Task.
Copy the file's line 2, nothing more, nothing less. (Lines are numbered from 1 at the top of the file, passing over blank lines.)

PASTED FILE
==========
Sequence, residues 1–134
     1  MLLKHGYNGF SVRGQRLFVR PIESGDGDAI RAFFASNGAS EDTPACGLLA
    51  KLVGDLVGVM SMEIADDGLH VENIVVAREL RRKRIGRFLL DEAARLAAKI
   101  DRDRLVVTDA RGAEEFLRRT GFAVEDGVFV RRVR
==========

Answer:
     1  MLLKHGYNGF SVRGQRLFVR PIESGDGDAI RAFFASNGAS EDTPACGLLA